THE MESSAGES TO THE SEVEN CHURCHES
Third in a Four-Part Series
by Karen Thompson
5) The Church of Sardis
The city of Sardis was located in west Asia Minor (modern-day Turkey) and was the capital of the ancient kingdom of Lydia. In 133 BC, it came under the rule of the Romans. It was destroyed by an earthquake in 17 AD but the Romans rebuilt it. A fun fact to know about Sardis is that it was the home of the famous Bishop Melito, a prophet and respected authority in the Christian community. He was a prolific writer; unfortunately, very few of his writings remain in existence. The historical writer Eusebius of Caesarea tell us that Melito tried to convince the Roman emperor Marcus Aurelius to make Christianity the state religion of Rome. He listed 20 books that Melito wrote, none of which survived, except for a nearly complete work about the Passion of the Christ.
Rev. 3:1 And unto the angel of the church in Sardis write; these things saith he that hath the seven Spirits of God, and the seven stars.
To the saints in the church of Sardis, Jesus let them know that this message was coming from the One who has the “seven Spirits of God and the seven stars.” As already noted before, the seven Spirits of God represent the Holy Spirit, and the seven stars represent each of the pastors that were assigned to each of the churches.
Rev. 3:1b I know thy works, that thou hast a name that thou livest, and art dead. 2 Be watchful, and strengthen the things which remain, that are ready to die: for I have not found thy works perfect before God. 3 Remember therefore how thou hast received and heard, and hold fast, and repent. If therefore thou shalt not watch, I will come on thee as a thief, and thou shalt not know what hour I will come upon thee. 4 Thou hast a few names even in Sardis which have not defiled their garments; and they shall walk with me in white: for they are worthy.
Sadly, the church of Sardis was in very bad shape spiritually. He said to them, “I know thy works, that thou hast a name that thou livest, and art dead.” The Amplified Bible puts it this way: “you are supposed to be alive, but [in reality] you are dead.” By all appearances, the Sardis believers seemed to be alive unto God, but in fact, they were spiritually dead.
They looked good on the outside but in their hearts, they were backslidden. Jesus’ instructions to them were, “Be watchful, and strengthen the things which remain, that are ready to die: for I have not found thy works perfect before God. Remember therefore how thou hast received and heard, and hold fast, and repent” (vv. 2–3). They were on the verge of spiritual death. They were to revive themselves to keep their faith from dying out completely. He told them to “repent.” If they failed to strengthen themselves, He said He would come to them “as a thief,” which meant that He would come without warning. Fortunately, not everyone was in a backslidden state. He said there were a few believers in Sardis that had not “defiled their garments” and that they would “walk with me in white.”
The Overcomer’s Reward
Rev. 3:5 He that overcometh, the same shall be clothed in white raiment; and I will not blot out his name out of the book of life, but I will confess his name before my Father, and before his angels. 6 He that hath an ear, let him hear what the Spirit saith unto the churches.
Look at this overcomers’ reward! Overcomers would be rewarded by having their names not blotted out of the book of life:“I will not blot out his name out of the book of life…” (v. 5). This was a strong warning. For now, their names were in the book of life. But His warning to them was that if they didn’t repent, their names would be “blotted out” of the book of life.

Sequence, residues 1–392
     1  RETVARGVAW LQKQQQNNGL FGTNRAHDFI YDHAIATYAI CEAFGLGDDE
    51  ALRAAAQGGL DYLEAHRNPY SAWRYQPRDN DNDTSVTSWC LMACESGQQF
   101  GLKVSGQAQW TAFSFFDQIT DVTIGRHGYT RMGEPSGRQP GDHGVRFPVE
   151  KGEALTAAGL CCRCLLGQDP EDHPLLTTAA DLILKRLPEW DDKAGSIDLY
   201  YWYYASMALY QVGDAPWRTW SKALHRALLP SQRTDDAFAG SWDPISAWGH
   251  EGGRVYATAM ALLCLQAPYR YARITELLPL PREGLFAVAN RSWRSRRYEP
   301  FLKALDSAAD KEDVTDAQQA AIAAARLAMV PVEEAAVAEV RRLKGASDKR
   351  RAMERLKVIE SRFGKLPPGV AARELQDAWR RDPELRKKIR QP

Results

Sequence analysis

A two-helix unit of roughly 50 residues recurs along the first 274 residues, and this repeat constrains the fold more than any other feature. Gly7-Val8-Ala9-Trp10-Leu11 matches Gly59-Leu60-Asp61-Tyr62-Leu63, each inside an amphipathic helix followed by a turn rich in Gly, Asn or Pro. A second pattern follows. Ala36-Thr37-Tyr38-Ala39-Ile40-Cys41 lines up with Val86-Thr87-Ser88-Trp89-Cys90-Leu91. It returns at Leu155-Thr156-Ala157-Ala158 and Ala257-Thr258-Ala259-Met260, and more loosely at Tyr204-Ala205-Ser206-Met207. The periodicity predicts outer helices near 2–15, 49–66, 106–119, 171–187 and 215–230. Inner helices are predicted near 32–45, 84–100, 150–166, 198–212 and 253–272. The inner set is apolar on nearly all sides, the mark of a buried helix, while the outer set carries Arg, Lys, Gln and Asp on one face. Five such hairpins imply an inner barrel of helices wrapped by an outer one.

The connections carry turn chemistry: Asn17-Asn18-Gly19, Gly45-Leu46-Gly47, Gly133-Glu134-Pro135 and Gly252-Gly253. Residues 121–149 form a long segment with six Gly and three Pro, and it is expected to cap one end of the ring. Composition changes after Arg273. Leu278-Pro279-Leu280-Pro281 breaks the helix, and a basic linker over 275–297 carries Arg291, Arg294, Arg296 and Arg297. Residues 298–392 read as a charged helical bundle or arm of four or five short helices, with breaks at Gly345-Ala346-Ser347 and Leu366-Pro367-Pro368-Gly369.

In addition, the Lord Jesus would “confess his name before my Father, and before his angels.” As part of the overcomer’s reward, He would confess the overcomer’s name before the Father and before His angels. When He walked the earth, Jesus warned what would happen to those who were ashamed to confess His name: “For whosoever shall be ashamed of me and of my words, of him shall the Son of man be ashamed, when he shall come in his own glory, and in his Father’s, and of the holy angels” (Luke 9:26).
The Color White
It also says the overcomer will be dressed in white clothing. White is significant in meaning. Throughout the Bible, we see the color white as a symbol of righteousness. In fact, the Bible has much to say about the color white.
The great prophet Isaiah used the color white to symbolize the forgiveness of our sins: “…though your sins be as scarlet, they shall be as white as snow; though they be red like crimson, they shall be as wool” (Isa. 1:18). Also, the symbolism of holiness in the color white is reflected in Israel’s most holy day. On the holy day of atonement, the high priest’s garments—a linen coat, linen breeches, and a linen girdle, and a linen mitre (the headdress)—were all white. The temple choir was dressed in white linen, as well (2 Chron. 5:12).
In the Bible, we see beings that dwell in heaven whether they be human or angelic all wear white garments. The two angels that were present at Jesus’ empty sepulcher were wearing white garments. When Jesus ascended to heaven, the two angels that told His followers that He would come back in the same way were both wearing “white apparel.” When Daniel saw God sitting on His throne in heaven, His garment was white as snow (Dan. 7:9). In Revelation, the 24 elders seated around God’s throne all wear white. All the saints who went through the tribulation were given white robes as a reward (Rev. 6:11; 7:14). Even the army which follows the Lord Jesus into the battle of Armageddon will be dressed in white and riding white horses (Rev. 19:14). Furthermore, the seven angels that pour out the seven plagues on the earth are all dressed in white linen with golden girdles around their chests. White symbolizes righteousness, holiness, and purity. White is the color for heaven’s clothing.